A post on the CrazyCapbottle Facebook page, seen in July 2020, stated “CrazyCap’s deep UV water purification is effective against bacteria, viruses, and pathogens. It prevents a wide range of waterborne illness[sic] by effectively killing 99.999% germs from any questionable water source”.
IssueThe complainant challenged whether the claim “CrazyCap’s deep UV water purification is effective against bacteria, viruses, and pathogens. It prevents a wide range of waterborne illness[sic] by effectively killing 99.999% germs” was misleading and could be substantiated.
ResponseMicrolyscs t/a CrazyCap explained that CrazyCap was a bottle cap that used UVC light, which worked by entering microbial cells and making the cells no longer viable. CrazyCap compared that process to boiling water to make it safe for consumption. CrazyCap provided two lab reports and explained that the product was tested via a third-party nationally accredited and certified microbiological lab. CrazyCap also provided information about a study on the effectiveness of UV irradiation for pathogen inactivation, a news article and an article about a study into the efficacy of UVC.
The ASA considered that consumers were likely to interpret the claim “CrazyCap’s deep UV water purification is effective against bacteria, viruses, and pathogens. It prevents a wide range of waterborne illness by effectively killing 99.999% germs” to mean that the product was able to successfully kill bacteria, viruses and pathogens in water. In the absence of further qualifying information, we considered that consumers would understand the claim to be in relation to all bacteria, viruses and pathogens. There was no additional information to explain how long the process took to be effective.
We understood that the cap had two settings: a “Crazy” mode of 120 seconds of exposure and a “Normal” mode of 60 seconds of exposure. CrazyCap explained that consumers could use multiple cycles if desired. Two lab reports testing the CrazyCap were provided. The first lab report tested the bacteria Staphylococcus aureus. The glass surface of an iPad was sprayed with a layer of bacteria solution and dried at room temperature. A one-inch square was swabbed and cultured to determine the initial bacterial concentration.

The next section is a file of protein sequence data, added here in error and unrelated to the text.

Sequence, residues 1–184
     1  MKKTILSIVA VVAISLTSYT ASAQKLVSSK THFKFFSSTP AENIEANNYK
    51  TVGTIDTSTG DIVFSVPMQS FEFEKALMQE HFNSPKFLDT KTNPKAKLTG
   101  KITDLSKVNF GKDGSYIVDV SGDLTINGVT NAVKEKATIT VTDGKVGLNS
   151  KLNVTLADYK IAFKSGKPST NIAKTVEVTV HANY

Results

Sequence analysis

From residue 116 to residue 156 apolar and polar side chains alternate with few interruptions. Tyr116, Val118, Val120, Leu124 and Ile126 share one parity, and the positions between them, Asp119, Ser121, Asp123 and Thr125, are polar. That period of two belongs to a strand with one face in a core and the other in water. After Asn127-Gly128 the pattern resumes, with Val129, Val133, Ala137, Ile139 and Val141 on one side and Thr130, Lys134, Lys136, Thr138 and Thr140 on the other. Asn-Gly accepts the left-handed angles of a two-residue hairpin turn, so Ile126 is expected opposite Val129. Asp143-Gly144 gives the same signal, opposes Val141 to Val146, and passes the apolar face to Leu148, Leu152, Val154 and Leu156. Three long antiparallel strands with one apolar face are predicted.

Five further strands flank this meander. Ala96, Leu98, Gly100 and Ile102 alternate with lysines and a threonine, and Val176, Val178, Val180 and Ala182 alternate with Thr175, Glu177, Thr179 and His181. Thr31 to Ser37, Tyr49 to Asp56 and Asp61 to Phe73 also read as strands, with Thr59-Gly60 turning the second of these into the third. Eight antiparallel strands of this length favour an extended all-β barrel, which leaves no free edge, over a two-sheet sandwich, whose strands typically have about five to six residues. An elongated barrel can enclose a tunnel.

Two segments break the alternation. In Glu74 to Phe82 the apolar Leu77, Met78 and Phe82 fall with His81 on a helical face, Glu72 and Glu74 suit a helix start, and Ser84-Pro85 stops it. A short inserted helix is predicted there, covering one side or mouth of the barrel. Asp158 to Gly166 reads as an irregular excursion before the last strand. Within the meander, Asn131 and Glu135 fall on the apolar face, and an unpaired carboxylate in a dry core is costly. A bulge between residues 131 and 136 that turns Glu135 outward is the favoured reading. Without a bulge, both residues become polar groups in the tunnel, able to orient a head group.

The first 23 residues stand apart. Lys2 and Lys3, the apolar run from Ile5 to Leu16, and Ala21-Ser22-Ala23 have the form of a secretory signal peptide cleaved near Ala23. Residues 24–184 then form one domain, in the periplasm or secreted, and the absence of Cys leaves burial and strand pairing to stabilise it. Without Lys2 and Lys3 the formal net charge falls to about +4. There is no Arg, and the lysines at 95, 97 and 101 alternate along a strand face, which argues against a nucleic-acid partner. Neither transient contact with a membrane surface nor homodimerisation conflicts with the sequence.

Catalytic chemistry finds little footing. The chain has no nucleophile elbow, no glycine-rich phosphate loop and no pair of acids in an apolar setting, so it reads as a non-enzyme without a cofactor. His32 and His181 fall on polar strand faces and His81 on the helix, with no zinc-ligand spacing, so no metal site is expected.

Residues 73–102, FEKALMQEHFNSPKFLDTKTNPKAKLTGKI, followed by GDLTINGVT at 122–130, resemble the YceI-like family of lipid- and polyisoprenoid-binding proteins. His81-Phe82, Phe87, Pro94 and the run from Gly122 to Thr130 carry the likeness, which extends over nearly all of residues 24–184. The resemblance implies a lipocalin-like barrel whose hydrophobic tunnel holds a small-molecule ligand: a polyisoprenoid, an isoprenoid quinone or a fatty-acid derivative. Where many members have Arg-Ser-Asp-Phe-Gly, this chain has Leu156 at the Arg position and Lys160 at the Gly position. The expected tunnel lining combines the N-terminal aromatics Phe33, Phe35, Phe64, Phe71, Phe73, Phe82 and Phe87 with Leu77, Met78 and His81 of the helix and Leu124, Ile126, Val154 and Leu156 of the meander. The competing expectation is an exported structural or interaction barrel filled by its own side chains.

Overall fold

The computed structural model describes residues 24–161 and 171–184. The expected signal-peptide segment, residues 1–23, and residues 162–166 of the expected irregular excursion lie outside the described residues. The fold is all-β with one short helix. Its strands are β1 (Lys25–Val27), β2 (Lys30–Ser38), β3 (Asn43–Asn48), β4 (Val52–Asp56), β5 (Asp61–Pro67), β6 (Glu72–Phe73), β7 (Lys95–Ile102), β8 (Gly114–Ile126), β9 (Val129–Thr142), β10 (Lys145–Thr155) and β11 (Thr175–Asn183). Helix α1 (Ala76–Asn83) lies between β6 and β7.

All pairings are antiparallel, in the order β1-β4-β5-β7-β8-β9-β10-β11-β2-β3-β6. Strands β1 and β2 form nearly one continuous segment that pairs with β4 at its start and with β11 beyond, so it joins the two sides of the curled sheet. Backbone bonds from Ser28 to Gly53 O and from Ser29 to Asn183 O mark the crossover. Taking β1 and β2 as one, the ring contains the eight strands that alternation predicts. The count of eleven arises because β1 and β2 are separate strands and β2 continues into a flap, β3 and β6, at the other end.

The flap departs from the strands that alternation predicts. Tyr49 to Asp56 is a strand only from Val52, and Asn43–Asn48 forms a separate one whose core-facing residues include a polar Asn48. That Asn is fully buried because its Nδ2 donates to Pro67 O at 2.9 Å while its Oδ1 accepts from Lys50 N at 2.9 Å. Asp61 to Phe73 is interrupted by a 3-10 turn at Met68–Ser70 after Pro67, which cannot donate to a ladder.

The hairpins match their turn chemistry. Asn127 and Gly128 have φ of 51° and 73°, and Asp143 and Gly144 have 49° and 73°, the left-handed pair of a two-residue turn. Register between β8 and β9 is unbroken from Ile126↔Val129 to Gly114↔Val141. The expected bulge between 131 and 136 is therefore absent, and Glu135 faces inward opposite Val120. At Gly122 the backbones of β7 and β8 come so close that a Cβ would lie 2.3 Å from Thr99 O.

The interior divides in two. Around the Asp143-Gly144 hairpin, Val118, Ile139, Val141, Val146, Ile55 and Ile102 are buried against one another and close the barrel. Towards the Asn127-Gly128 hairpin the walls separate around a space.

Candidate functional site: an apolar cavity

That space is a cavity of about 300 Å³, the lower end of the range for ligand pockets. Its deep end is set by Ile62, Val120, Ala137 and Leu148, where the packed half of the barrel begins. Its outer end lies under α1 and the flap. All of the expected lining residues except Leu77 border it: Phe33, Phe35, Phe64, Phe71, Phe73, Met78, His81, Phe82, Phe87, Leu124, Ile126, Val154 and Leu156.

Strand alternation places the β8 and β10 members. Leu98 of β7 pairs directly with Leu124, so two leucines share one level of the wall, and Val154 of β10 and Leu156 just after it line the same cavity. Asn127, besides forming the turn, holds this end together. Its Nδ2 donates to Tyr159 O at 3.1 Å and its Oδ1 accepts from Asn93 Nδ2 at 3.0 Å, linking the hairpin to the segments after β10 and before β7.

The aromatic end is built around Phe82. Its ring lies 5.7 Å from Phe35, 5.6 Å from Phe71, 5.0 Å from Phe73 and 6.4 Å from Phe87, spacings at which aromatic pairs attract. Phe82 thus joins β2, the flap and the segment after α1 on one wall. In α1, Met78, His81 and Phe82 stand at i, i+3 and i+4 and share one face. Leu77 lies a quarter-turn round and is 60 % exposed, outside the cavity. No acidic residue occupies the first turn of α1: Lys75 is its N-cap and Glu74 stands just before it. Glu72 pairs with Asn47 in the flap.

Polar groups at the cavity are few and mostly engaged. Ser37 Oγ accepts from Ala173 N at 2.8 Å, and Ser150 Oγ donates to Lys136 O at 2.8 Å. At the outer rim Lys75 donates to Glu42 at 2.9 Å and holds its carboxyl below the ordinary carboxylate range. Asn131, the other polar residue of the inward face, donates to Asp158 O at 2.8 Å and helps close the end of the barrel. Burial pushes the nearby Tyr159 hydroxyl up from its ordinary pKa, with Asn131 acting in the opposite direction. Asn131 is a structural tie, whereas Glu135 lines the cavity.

Various sections of the iPad were tested on the Crazy mode. One was tested at two minutes and another at four minutes. A second test was conducted on the entire surface of the iPad. The two-minute testing showed 87% and 67.2% and the four-minute testing showed 93.3% and 99.6% of the bacterial colonies had been destroyed. However, as the test did not assess the CrazyCap’s efficacy in water, we considered that the report was less relevant to substantiating the claim in the ad. A second lab report tested the bacteria E. coli; 450 ml of contaminated test water was placed in a container and capped with the CrazyCap, then treated with Normal mode, one-minute and two-minute exposure time. The test was also repeated in Crazy mode for two-minute and four-minute exposure times. The results showed 99.91% and 99.99% of bacterial colonies were destroyed for the Normal mode one and two-minute exposure and the Crazy mode exposures showed 99.999% and 99.9996% for the two- and four-minute exposures.